April 13, 2017

NAB’s World on Two Pages: April 2017

In March, the NAB Monthly Business Survey results pointed to an overall healthy economy that is gaining momentum, at least in the near-term.

The Bigger Picture – A Global and Australian Economic Perspective – April 2017

Global: The global economic upturn has ridden out geo-political shocks coming from Brexit and the risk of US policy U-turns in the wake of President Trump’s election victory. The latest business surveys show very positive sentiment across the big advanced economies, recent data on global industrial output and trade shows the upturn continuing into 2017 and fear of global deflation has gone as modest price pressure returns. The main disappointment has been the big emerging economies which are key drivers of commodity demand. Central banks appear more relaxed about the outlook, with the period of maximum policy stimulus probably now behind us as the US Fed focuses on gradually lifting interest rates and the others see little need to take any new measures to boost demand. Politics still presents the main risk to our forecast acceleration in global growth from 2016’s 3% rate to around 3½% by 2018 with the focus shifting to the series of elections due in Western Europe through the next year, especially those in France and Italy where anti-Euro populist parties have been polling strongly.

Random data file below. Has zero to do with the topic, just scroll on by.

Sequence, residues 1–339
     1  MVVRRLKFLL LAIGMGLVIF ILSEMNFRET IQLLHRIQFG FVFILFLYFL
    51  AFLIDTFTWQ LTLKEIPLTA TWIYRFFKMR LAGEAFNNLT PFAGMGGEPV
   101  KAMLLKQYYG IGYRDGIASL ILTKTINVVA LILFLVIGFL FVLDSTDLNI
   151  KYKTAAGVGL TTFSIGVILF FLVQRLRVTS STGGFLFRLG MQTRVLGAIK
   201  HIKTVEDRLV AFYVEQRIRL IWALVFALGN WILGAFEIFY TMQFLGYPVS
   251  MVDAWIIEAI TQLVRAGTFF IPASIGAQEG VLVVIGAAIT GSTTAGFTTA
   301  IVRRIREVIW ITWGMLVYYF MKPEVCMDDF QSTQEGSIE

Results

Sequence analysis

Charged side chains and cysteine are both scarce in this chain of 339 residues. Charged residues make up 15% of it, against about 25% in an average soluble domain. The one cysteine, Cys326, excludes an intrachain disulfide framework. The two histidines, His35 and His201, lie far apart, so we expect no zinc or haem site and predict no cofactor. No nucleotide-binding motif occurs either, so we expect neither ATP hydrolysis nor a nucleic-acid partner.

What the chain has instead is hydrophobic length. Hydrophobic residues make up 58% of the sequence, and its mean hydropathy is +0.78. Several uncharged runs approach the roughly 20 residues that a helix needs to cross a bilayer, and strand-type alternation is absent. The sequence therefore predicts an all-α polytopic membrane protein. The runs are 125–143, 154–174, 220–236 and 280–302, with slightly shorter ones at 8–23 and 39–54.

Australia: Economic growth is expected to oscillate through 2017, with partial indicators suggesting very modest growth in Q1, Q2 heavily affected by Cyclone Debbie and then Q3 and Q4 forecast to surge on LNG exports, a rebound in cyclone-affected coal exports and reduced drag from mining investment (GDP growth forecast at 2.3% in annual average terms). Momentum will slow through 2018 as dwelling construction and LNG exports both peak (growth at 2.8% in annual average terms but slowing to 2.3% in through the year terms by Dec-18). Household spending will remain subdued amidst low household income growth, while business investment improves and solid government spending provides an offset. A moderate recovery in domestic demand is then expected in 2019. Against a backdrop of below-target inflation and elevated unemployment, policy makers are unlikely to address their concern about household balance sheets via interest rates, with further macro-prudential measures possible. We expect the RBA to remain on hold for an extended period, before some small hikes in late 2019 as domestic demand improves.

For more details, please refer to the attached document.